Day 277: Bagging a Broog (Mythological Mayhem, Part 3)

Ranger Dan McGrew found the cave opening and called out. Steady thumps from rock pounding underground echoed in the entrance. The sound completely unnerved him, and it was no wonder the tree nymphs couldn’t stand being around it. It dumbfounded him how a campground’s loud rap music had masked the thumping so that it was too late for the nymphs to control the broog when they awoke, driving them away and causing all kinds of territorial mayhem.

Garbol the wizard, pool stick in hand, trotted up to him, Captain Galt at his heels. A few of the captain’s men fell in behind.

“Remember.” Garbol held up two fingers together. “Speak with a parent’s authority to a child, and no matter what happens, do not… do not… do not mention that I’m a wizard.”

Galt nodded. “I’ll handle it.”

“Thank you, captain, but Ranger McGrew is better suited for this.”

Dan flinched and shook his head. “M-me?”

Garbol placed a hand on his shoulder. “You’ve got the demeanor I think he’ll respond to. Just take charge, show no fear, and get him to stop pounding and talk to us.” Garbol waved him into the entrance. “I’m right behind you.”

The thumps continued.

Dan grabbed an electric lantern, turned it on, and ducked inside. The cavern narrowed so he had to squat into a duck walk for a few feet, but it then opened up so he could stand just short of upright. He crouched and looked back.

Garbol looked toward the entrance with his hand up. “You can come captain, but three is enough. Leave your men behind.” He turned toward Dan, then turned back. “And leave your guns. They’re worthless here.”

Galt nodded at his guys and they turned around as Garbol shimmied through the narrow point and straightened out next to the park ranger. Every thump boxed Dan’s ears.

“Shouldn’t be too far,” said Garbol.

They rounded a bend into a chamber where a large pillar with arms but no legs bent over and smashed his head against the bedrock sending shockwaves through the cave floor and booming into Dan’s head, rattling his teeth. He set down the lantern. Garbol’s hand gripped Dan’s shoulder and guided him forward.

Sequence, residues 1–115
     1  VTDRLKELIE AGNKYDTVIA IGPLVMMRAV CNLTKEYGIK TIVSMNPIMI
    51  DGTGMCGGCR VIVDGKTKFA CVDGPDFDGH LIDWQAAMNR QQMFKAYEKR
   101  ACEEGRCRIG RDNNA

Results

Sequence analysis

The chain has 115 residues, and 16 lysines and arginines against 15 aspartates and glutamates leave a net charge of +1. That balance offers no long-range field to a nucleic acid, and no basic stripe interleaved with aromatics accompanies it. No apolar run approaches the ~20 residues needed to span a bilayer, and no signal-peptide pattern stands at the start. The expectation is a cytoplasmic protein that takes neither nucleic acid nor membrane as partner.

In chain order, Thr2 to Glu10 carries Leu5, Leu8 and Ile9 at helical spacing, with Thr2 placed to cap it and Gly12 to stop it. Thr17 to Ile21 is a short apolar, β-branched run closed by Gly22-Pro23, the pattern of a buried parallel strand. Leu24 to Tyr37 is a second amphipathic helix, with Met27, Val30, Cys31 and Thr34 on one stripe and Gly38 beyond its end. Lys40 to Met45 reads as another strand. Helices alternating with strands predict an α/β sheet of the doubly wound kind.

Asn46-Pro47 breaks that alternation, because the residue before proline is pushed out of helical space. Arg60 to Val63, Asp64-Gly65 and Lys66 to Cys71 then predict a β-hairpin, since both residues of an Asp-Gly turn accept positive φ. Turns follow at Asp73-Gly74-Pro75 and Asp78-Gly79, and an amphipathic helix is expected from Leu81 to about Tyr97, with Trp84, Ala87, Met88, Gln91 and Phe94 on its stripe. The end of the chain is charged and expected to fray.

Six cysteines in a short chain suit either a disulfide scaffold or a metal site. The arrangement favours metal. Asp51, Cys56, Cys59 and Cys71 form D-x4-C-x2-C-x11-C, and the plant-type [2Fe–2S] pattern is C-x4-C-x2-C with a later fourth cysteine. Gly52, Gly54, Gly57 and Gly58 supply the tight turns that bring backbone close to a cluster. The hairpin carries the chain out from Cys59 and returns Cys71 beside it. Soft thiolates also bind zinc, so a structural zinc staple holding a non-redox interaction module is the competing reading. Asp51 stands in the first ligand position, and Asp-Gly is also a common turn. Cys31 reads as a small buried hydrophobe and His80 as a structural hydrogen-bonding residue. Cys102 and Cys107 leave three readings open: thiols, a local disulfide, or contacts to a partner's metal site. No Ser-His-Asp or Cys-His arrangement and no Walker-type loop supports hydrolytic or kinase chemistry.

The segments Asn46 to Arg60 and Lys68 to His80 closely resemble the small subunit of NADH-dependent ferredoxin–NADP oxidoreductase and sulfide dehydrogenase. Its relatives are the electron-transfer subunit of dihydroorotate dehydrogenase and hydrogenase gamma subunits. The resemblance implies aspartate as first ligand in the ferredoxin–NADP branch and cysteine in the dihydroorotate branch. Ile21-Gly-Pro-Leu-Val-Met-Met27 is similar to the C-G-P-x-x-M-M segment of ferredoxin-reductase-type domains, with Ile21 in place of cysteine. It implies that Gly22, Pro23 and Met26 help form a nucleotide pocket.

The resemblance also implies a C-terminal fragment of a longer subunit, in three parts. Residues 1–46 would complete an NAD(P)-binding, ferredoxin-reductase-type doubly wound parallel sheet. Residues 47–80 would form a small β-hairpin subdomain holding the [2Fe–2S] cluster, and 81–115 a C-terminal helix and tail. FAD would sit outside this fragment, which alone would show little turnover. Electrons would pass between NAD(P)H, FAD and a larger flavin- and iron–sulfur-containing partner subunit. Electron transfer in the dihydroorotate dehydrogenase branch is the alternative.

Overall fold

The pillar slowly unbent his body, no features of a face on his head, and straightened up, then let himself drop again, bending over and beating his head on the ground. Garbol’s hand tightened, his voice calm and deliberate. “Tell him to stop.”

Dan took a deep breath and straightened his back. “Broog! You need to stop beating your head on the floor.”

The broog lifted and let fall again.

Dan took a step forward. “Broog. Listen to me. Stop beating your head this instant.”

The broog lifted and turned slightly toward them.

“I mean it, broog. That is inappropriate behavior. No more bashing your head, understand?”

The pillar rocked imperceptibly.

“You’re doing fine,” whispered Garbol.

A groan like the hull of a ship buckling echoed through the cave. The broog raised a stone hand to his featureless face, and a small fissure crumbled open. “I don’t want to stop.” The voice was part whisper, part whistle, and part gears grinding that made Dan visualize his own skull cracking at the forehead.

The ranger’s voice wavered, but he put force behind it. “It doesn’t matter what you want, young ma… young broog. It’s not allowed. Now be a good broog and stay quiet.”

“Why?”

“Because that’s how broogs are supposed to act,” said Dan.

“Why?”

Dan had been down this road with kids before. “Because I said so, and that’s enough of a reason.”

“Crap,” whispered Garbol. “Should have played that out as long as you could.”

“Why?” asked the broog.

Dan shook his finger at the pillar. “Don’t argue with me. Be a good broog and stay still.”

“Aren’t you listening to me?” whispered Garbol. “String him along.”

Dan turned toward the wizard and hissed through his teeth. “If I’m going to stay ‘parental assertive,’ I’m going to have to speak my mind, not play games. So back off.”

Garbol raised his palm and bowed his head, then took a step back.

The broog teetered like a grazed bowling pin. “I don’t want to stay still.” He bent at the middle and started to drop.

“I said stop it!” Dan set his feet, arms akimbo. “Do not do that again, or else!”

Garbol sucked air through his teeth.

The pillar straightened. “Or else what?”

“Or else…” Dan stammered. “Or else everyone will know you’re a bad broog.”

The broog wobbled. “I’m not a bad broog.” His wobbling slowed. “You’re a bad broog.” The pillar swept his arm toward Dan.